The first expansion pack for Morrowind was developed by Bethesda Softworks and published by their parent company ZeniMax in November of 2002. It is the first of two expansion packs for the game, the second being Bloodmoon.

The original Morrowind is simply a very large, open-ended gameworld that the player can roam freely in. There are a great variety of items availble in the game, as befits an RPG of this type. This expansion adds some additional areas the player can tromp through and bash monsters in, as well as a whole bunch of new weapons, armor, and other useful things. It also adds an extremely useful new feature to the journal system: the ability to organize journal entries by the title of the quest to which they apply. Installing the expansion and loading an old save game will automatically organize all of the existing journal entries in that save game under their appropriate headings. It can be argued that this isn't so much a new feature as fixing something that was broken; the journal was somewhat unwieldy before, but is now quite useful.

Aside from the new journal feature, this expansion is just a massive infusion of content. There are no new spell effects or races, or anything of that sort, just new places for the character to run around, new items to seek out, and new quests to complete. The amount of new content isn't anywhere near the size of the original game; however, the original Morrowind was so very large that even this much-smaller set of dungeons and quests is still almost as large as a whole game in and of itself.

The new areas come in the form of a new city and the vast dungeons underneath the city. Morrowind takes place on an island called Vvardenfell; the expansion adds the city of Mournhold, which is on the mainland. As the developers didn't want to create the whole of the mainland, they walled in the city: you can't leave it; you can't even see outside of it. Travel to and from the city is done via teleportation from a spot on Vvardenfell (specifically, in the fort of Ebonhart).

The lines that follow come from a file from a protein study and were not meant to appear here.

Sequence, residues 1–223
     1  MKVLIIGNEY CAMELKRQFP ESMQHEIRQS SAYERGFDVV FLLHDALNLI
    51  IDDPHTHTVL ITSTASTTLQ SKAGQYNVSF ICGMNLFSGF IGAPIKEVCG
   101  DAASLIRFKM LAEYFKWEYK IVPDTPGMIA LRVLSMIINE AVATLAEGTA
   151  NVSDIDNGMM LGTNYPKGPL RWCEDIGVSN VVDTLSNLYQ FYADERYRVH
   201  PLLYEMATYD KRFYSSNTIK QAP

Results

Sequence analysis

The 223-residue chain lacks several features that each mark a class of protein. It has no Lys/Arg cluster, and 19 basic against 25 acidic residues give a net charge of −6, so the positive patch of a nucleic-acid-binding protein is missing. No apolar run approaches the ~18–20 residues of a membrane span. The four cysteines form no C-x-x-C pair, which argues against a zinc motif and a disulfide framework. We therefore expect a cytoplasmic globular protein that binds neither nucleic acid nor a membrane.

The city of Mournhold itself is pretty large. I'd place it as the second-largest in the game, after the massive construction that is Vivec. It also has its own resident diety, the goddess Almalexia, much as Vivec has Vivec. Unlike Vivec, however, you can only meet Almalexia through a quest; you cannot break into her chambers. (I always found that amusing about the original game; "Hi, Vivec!") There are shops of all sorts, and some pretty good equipment for sale. There are quests abound, with the various awards available for each. However, the real point of all this is the new dungeon.

Underneath Mournhold is the sewer, which leads into deeper and deeper dungeons. Some of the monsters in these dungeons are quite powerful; low-level characters need not apply. Having access the Intervention spells (to return to town quickly) and the mark and recall pair of spells (to get back to the dungeon quickly) is very useful; you never know when you'll run out of healing potions or arrows or the like. I have yet to explore the entirety of this dungeon, but what I have looked through was very large.

And that's it, really. A massive, massive dungeon, and a city to host it. The new items are nice, too, and the journal system is invaluable (if a little late in coming). There are no new spell effects, but then the magic system is so flexible anyway that you'd probably never notice. All in all, a wholly worthwhile addition.

Tri*bu"nal (?), n. [L. tribunal, fr. tribunus a tribune who administered justice: cf. F. tribunal. See Tribune.]


The seat of a judge; the bench on which a judge and his associates sit for administering justice.


Hence, a court or forum; as, the House of Lords, in England, is the highest tribunal in the kingdom.


© Webster 1913

Tri`bu*nal" (?), n. [Sp.]

In villages of the Philippine Islands, a kind of townhall. At the tribunal the head men of the village met to transact business, prisoners were confined, and troops and travelers were often quartered.


© Webster 1913

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